“The most successful gelding of all”

NYRA photo, from Hall of Fame

“More than any other racing country, America has had its share of great geldings…” claimed William H.P. Robertson in 1964. And Kelso, he said, was “the most successful gelding of all.”

It’s nearly impossible to think about the Jockey Club Gold Cup without thinking about Kelso, the horse who won the race five times, all at two miles, setting two records in the process.

In fact, on the occasion of his fifth win, in 1964, more attention was given to the two records he set in the race (all-time leading money earner and the world record for two miles) than to the fact that he had won the race five times in a row, which isn’t mentioned until the second paragraph of the New York Times recap.

Much was made, too, of his gelded status, as it often was in articles about him. Joe Nichols wrote,

A Kentucky home-bred, he was ordered de-sexed by a veterinarian when he was a yearling because he was of scrawny proportions, with no indication of filling out.

Kelso’s owner and breeder, Allaire du Pont, took her veterinarian’s advice, but, according to one rookie racing reporter in the late 1960’s, it was not a decision that she looked on without regret.

Jacquin Sanders, writing in Sports Illustrated about his first racing assignment, in 1963, relates the story of his visit to Kelso (the horse bit him), and his phone call to the horse’s owner. The bite apparently stung less than Mrs. duPont’s treatment of him when he asked about her decision to geld Kelso.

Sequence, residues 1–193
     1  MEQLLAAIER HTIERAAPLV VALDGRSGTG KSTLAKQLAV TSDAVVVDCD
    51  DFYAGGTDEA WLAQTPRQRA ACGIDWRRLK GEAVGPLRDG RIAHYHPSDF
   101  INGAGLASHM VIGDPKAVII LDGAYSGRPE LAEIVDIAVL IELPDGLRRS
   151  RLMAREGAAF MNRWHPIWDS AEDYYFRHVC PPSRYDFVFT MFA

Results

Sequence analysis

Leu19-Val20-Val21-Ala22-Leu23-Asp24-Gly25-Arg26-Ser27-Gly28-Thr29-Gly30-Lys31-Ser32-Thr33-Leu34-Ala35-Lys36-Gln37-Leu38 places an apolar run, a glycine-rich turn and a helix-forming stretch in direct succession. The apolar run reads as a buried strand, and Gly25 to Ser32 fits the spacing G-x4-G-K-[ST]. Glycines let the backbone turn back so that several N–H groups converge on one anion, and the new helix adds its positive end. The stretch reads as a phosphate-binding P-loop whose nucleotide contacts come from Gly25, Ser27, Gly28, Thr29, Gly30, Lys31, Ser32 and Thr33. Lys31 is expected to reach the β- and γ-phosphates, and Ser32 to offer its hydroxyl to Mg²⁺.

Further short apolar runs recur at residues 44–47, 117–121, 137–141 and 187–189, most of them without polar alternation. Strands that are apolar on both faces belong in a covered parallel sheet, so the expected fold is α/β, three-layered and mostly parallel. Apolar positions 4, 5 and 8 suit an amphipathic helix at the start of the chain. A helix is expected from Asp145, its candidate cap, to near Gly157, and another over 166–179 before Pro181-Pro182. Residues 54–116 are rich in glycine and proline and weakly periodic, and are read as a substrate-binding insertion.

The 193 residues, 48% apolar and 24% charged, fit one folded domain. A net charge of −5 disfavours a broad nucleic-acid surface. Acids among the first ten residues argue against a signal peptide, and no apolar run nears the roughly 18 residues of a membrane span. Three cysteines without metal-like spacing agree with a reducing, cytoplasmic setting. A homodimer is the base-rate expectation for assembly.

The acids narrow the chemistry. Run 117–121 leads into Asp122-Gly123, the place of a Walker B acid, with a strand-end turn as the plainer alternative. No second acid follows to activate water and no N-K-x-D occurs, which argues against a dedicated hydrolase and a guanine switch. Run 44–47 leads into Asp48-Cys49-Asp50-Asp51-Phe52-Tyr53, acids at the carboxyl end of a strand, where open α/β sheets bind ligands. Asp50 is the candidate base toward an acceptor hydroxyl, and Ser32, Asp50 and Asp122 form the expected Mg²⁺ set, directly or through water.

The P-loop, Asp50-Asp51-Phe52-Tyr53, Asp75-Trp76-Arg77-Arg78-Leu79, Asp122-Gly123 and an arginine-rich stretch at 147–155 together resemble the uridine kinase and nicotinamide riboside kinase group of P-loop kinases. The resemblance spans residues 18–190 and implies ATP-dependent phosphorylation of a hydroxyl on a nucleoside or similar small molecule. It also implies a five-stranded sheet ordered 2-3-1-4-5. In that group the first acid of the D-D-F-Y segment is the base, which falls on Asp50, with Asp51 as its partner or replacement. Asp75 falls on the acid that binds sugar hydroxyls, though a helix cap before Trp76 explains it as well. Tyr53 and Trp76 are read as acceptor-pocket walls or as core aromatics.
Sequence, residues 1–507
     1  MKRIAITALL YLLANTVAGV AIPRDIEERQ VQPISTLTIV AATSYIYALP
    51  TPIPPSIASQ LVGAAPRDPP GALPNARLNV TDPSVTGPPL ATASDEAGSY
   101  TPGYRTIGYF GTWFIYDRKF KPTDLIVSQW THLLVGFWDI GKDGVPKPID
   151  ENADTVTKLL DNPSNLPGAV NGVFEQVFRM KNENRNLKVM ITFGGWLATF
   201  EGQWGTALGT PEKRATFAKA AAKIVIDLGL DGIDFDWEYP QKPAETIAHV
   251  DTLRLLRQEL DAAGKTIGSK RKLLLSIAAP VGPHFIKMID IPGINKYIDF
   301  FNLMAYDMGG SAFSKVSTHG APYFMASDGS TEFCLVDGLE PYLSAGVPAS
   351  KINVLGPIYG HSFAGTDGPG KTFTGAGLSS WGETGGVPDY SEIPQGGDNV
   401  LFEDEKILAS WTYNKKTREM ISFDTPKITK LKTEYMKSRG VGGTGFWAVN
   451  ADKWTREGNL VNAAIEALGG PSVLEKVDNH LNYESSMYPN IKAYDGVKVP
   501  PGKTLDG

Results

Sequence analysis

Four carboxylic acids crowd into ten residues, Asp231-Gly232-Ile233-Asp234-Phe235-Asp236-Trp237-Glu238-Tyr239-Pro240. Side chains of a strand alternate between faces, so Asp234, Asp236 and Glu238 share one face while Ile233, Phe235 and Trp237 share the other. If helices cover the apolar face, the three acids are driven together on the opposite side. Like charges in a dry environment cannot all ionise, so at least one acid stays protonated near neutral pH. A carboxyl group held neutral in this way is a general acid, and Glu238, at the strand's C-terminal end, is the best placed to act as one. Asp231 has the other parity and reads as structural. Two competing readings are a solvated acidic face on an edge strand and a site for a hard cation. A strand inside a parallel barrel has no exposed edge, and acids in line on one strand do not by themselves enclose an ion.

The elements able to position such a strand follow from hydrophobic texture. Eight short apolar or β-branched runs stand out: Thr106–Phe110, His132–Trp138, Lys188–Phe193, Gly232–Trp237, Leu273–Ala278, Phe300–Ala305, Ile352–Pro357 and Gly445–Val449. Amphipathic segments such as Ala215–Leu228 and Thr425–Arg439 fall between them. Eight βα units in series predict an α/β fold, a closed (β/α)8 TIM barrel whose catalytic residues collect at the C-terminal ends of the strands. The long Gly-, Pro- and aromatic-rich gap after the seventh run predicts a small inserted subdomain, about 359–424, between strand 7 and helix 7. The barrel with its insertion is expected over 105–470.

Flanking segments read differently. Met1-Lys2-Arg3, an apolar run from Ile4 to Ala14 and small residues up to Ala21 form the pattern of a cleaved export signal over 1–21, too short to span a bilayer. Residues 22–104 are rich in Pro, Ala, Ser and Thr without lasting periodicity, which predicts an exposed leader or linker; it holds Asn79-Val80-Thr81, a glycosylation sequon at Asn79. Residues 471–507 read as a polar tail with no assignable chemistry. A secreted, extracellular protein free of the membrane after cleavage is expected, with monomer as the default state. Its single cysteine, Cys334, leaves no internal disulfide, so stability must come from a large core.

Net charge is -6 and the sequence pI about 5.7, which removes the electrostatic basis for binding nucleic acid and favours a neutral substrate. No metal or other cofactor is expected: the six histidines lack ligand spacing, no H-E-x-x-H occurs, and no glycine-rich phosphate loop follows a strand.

It would not be easy to ask this highborn lady why she had gelded this proud and exceptional thoroughbred.

Nevertheless the question somehow got asked, to be followed by a silence that would have chilled an Eskimo skin diver. Then: “I fail to see how that matter could possibly be of interest to anyone,” she said. “And I don’t understand why you had to take my time to have me explain it.”

She did answer the question, eventually. With so many male yearlings on her farm that year, she was concerned about the fighting that would occur if she kept them together.

Therefore she and her trainer decided to geld the ones that seemed least promising, among them Kelso. By now I realized that it wasn’t delicacy that had brought the ice to her voice but merely annoyance at being reminded of an irretrievable error—and perhaps a wistful regard for the million dollars in stud fees that might have been if Kelso had remained a stallion.

Years later, DuPont was slightly more charitably inclined to a member of the SI staff, as publisher Kelso F. Sutton related in his farewell letter to the publication.

Last year my duties took me out to Belmont Park, where former Jockey Sammy Renick took time to show me around. He spoke of this later to Mrs. Allaire duPont, the owner of Kelso, and within a few days a photo of that great champion turned up in my mail. Written on it was: FROM KELSO THE HORSE TO KELSO THE MAN.

It is a fact that the publisher of SPORTS ILLUSTRATED invariably acquires some very special bits of memorabilia. That picture is my favorite.